You realize that some things work and some things don’t and some of the things you thought were cool weren’t as cool as you thought they were.


Oh, I know. Most of my characters never end up the same way they began. That’s why I stopped putting so much effort into them when they’ve just been created; I have a basic idea of them, but they ‘tell’ me who they are in the end.

So far I have 8 out of the 12 characters remaining, and I’m thinking of making the cast smaller. I mean, if this goes well, I would have plenty of time to introduce the characters I don’t add now. I can still at least mention them.


I agree with @AChubbyBlackCat. And one of the problems with having so much relationship options is that it can be too much for (newer) writers—especially if it spans in multiple books and romance is one of the focus. It’s very ambitious and can lead to an overwhelming amount of work (coding and the writing itself).


Imo 6-7 Ros is plenty I’ve found in games with two many Ros that the author doesn’t “flesh out” the Ros but the better question is this when your playing a cyoa game how many Ros do you like in a story and let that guide you on how many Ros to add


This is one of my issues with a large cast–it takes multiple playthroughs to get a rudimentary idea of who all these characters are. It’d be nice if there could be introduction scenes for all of them… But, unfortunately, the cost of time and effort would be prohibitive. So it’s understandable why it doesn’t happen.

This would be a good way to counter the problem without coding endless individual scenes for each character–and that work relationship is an interesting angle.


Personally, it seems to be very overwhelming to me.
I tend to drop books with too many characters, especially when they are all introduced together, because it gets chaotic to remember them all and in CoG you can’t go back and re-read what has already happened. True, some authors put detailed descriptions on the stats page, but personally I want to read the book, not an “instruction page” for the book.


As a reader, if you could give me 10 different LIs, all of them have rhe same opportunity to shine in the story, they’re all equally interesting characters… Then yes, why not?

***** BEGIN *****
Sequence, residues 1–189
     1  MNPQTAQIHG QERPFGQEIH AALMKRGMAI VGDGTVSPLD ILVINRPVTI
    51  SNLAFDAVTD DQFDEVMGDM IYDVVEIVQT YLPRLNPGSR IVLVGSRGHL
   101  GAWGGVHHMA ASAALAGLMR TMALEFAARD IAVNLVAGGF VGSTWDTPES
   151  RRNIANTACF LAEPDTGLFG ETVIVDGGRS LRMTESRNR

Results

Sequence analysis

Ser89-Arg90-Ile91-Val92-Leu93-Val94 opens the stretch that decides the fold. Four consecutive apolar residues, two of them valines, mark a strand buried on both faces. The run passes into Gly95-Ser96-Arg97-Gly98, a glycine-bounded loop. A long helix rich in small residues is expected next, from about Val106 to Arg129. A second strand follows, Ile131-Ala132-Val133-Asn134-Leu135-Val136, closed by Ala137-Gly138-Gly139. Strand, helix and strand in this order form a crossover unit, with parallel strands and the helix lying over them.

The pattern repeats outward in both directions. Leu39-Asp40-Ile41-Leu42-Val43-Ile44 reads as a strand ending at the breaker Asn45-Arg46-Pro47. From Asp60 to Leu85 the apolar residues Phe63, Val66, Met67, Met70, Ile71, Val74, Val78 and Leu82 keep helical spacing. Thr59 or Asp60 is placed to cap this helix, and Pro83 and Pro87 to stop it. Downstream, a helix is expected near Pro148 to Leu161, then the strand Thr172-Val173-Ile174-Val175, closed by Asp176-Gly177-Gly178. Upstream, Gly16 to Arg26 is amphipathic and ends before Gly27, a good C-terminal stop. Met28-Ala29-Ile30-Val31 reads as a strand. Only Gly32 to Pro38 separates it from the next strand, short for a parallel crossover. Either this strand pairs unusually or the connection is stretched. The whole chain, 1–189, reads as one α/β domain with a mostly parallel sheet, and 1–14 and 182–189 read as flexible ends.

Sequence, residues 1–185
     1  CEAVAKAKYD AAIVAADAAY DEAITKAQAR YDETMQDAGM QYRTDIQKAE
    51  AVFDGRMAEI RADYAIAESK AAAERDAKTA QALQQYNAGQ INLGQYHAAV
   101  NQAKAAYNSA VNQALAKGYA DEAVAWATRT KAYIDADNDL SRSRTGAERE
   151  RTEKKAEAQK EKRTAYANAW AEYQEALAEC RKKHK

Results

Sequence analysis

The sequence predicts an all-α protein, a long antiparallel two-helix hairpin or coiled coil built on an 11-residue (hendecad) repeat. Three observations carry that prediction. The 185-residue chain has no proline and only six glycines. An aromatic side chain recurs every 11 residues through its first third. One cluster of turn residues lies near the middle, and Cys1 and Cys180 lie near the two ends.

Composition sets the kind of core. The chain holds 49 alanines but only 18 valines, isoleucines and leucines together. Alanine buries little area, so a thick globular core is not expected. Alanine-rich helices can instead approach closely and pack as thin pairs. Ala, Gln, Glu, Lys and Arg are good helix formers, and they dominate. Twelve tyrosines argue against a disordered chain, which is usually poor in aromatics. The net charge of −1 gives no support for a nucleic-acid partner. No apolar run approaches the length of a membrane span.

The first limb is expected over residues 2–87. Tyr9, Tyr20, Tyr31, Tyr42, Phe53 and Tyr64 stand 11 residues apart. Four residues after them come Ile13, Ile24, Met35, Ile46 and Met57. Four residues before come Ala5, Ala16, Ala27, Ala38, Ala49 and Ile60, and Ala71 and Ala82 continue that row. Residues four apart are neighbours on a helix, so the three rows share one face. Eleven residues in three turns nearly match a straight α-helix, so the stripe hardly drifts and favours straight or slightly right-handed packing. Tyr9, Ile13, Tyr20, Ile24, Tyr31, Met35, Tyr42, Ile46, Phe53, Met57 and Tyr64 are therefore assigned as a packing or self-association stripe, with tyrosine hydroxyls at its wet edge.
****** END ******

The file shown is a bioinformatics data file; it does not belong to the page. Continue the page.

But realistically I know that the stories that offer more than 4/5 LIs give little choice, the romances usually are not good and there are clearly characters that are treated better than others.
So, honestly, especially if this is your first game, it’s better if you limit yourself with the number of LIs.


Personally, I would do something where if you haven’t met a character yet, they don’t appear on the stats page. As far as how many characters/RO‘s/? It’s up to you, I’ve seen some games with very good casts large casts, and some games with large cast that aren’t as good.
If you’re going to stay with a large cast, I would do something where the guard choice you choose someone influence is what character you meet, otherwise it might get a bit cluttered, though you could always do something where your relationship with one of the NPC’s, who isn’t Royal/whatever to the guard you pick, might have an influence on your relationship with both the NBC, and the other NBC. That’s just me though. There’s a lot of different ways to do this, everyone of them tend to be somewhat unique. That’s all I can say unfortunately.


I don’t think any number can be overwhelming as long as they are all well written and not bland archetype stereotypes to fill a trope quota, if that makes sense.

As for page ‘‘cluttering’’, well if there are thirty+ characters, I think that’s starting to be a bit much, but that should be yours to choose, if you feel it should be that way for your story. As long as they are well written, I think any number of characters can be good.